18 Carn of Claise again.JPG
Carn of Claise (3,484 feet), for the second time.

18 Glas Maol final.JPG
Well, here we are again; Glas Maol for the fourth and last time.

19 Meall Odhar.JPG
I descend via Meall Odhar, which is Glas Maol's NW top - that's 5 tops and their 6 Munros done.

20 return.JPG
Nice little ridge walk south to Devil's Elbow to finish.

21 Bothy.JPG
Unnamed bothy/hut whatever. I went in.

22 visitors book.JPG
I woz there (but I did not write the 'Taz').

Thus was accomplished a 24 mile walk taking 12 hours no less, and yes I'm quite proud of myself, but it is very doable. You're of course starting from a high-level road, access is easy, and the paths for the most part are good and there are no terrifying gradients (the NW top of Glas Maol being a steep drag, though, hence my tagging it on as a descent route at the end). This effort raised my Munro count from 24 to 30, which is a good feeling, and if i hit 50 over the next 12 months (seems reasonable) the dream of compleation has a look of distant feasibility to it. As for the tops, well, maybe - but right now my feeling is forget them. The bagging mentality is bad enough without them, and the grand views and bracing exposure to the elements reminded me what it's really all about. Tomorrow will be an easier day!

This walk is followed by 'Carn Bhinnein outstandingly redeems the cause of top bagging'

23 Maol again.JPG
One last pic of Glas Maol - why not?
Last edited by The English Alpinist on Fri Sep 23, 2022 2:59 pm, edited 4 times in total.
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The English Alpinist
Mountain Walker
Posts: 288
Munros:50   Corbetts:11
Fionas:21   Donalds:18+10
Sub 2000:1   Hewitts:136
Joined: Oct 27, 2015
Location: Lancashire England.

Re: Glas Maol's Family of 10

Postby prog99 » Thu Sep 22, 2022 10:43 pm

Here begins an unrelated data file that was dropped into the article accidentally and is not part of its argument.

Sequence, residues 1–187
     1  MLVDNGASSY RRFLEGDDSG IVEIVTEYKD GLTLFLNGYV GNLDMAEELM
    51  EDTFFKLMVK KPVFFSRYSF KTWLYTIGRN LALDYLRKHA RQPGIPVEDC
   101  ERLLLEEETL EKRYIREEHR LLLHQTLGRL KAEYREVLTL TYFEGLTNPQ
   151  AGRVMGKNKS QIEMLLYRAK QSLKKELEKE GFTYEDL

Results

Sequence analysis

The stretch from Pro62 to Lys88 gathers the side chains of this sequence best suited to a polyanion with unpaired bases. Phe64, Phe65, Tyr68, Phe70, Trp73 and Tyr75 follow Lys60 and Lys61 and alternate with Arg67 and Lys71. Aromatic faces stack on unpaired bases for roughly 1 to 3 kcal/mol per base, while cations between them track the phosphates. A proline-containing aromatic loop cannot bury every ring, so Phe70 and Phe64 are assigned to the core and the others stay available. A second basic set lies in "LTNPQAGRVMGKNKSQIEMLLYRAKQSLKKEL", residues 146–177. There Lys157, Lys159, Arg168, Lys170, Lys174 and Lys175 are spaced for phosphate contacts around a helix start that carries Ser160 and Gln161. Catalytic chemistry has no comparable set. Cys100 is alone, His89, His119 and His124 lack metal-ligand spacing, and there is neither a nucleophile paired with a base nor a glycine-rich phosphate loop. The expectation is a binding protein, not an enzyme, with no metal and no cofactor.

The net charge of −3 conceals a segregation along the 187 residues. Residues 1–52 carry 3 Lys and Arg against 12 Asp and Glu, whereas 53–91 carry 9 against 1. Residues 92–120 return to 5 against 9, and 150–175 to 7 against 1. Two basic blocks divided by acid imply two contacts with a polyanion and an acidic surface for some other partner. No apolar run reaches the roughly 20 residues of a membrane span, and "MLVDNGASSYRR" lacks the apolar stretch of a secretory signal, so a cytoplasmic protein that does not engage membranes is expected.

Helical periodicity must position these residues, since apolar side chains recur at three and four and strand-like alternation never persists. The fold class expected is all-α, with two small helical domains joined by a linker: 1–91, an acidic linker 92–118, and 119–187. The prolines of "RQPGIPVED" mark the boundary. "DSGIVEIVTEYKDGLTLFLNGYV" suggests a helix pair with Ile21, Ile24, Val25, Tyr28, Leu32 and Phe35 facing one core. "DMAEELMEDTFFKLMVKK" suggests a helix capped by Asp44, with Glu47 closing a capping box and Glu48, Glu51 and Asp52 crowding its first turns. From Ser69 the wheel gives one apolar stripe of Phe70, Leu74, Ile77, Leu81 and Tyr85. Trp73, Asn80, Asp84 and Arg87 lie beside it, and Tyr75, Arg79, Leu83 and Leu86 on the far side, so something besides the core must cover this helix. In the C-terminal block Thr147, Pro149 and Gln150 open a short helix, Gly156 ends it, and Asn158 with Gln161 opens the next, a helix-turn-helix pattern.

Good talking there.
If you'd not doubled back on yourself after Carn a'Tuirc but instead dropped down to the road you could have added on Carn Aosda & The Cairnwell for about the same amount of effort. (Have done this before and theres even a path if you look hard enough)
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Re: Glas Maol's Family of 10

Postby Dave Hewitt » Fri Sep 23, 2022 9:24 am

prog99 wrote:If you'd not doubled back on yourself after Carn a'Tuirc but instead dropped down to the road you could have added on Carn Aosda & The Cairnwell for about the same amount of effort. (Have done this before and theres even a path if you look hard enough)

Beat me to it - I was about to say the same thing. I'm fond of this group of Munros and have been on them a fair bit over the years (double figures for all of them). I mostly tend to start either where the OP started or the equivalent car park on the north side of the pass, and either way it seems as easy to cross Aosda/Cairnwell to get back to the start and is certainly more pleasant and safer than slogging back over the top of the road. I was there again last month in fact - started south of the pass, did Leacach-Maol-Claise-Tuirc then down to the road and back via Aosda-Cairnwell. The whole thing took just under 7hr10 of which 50 minutes were spent sitting around here and there. Carn an Tuirc to the road took 54 minutes no rush, and the plod straight up Carn Aosda (I did the old encouragement-trick of not breaking stride at the road/col) took 43 minutes without a stop (as prog99 says, these days there's a path, at least on the lower half of the slope). The western section took just under 2hr20 overall, with stops totalling 13 minutes on the two final Munros combined.

There are lots of options given the high start and easy walking - another thing to do is to continue further east and take in Cairn Bannoch and Broad Cairn as well (I've done that and still finished over Cairnwell/Aosda!), and I know of stronger walkers than me who have pushed on towards Lochnagar and still got back to the road. There's a curious aversion to doing stuff on either side of a road on the same day, eg the six main Drumochter Munros from say Dalnaspidal is a pretty straightforward loop but hardly anyone seems to do it, similarly with Ghlas-Corranaich-Tarmachan on either side of the high Lawers road - if the road wasn't there people would do that as a standard round, but as it is it's rare to hear of it being done.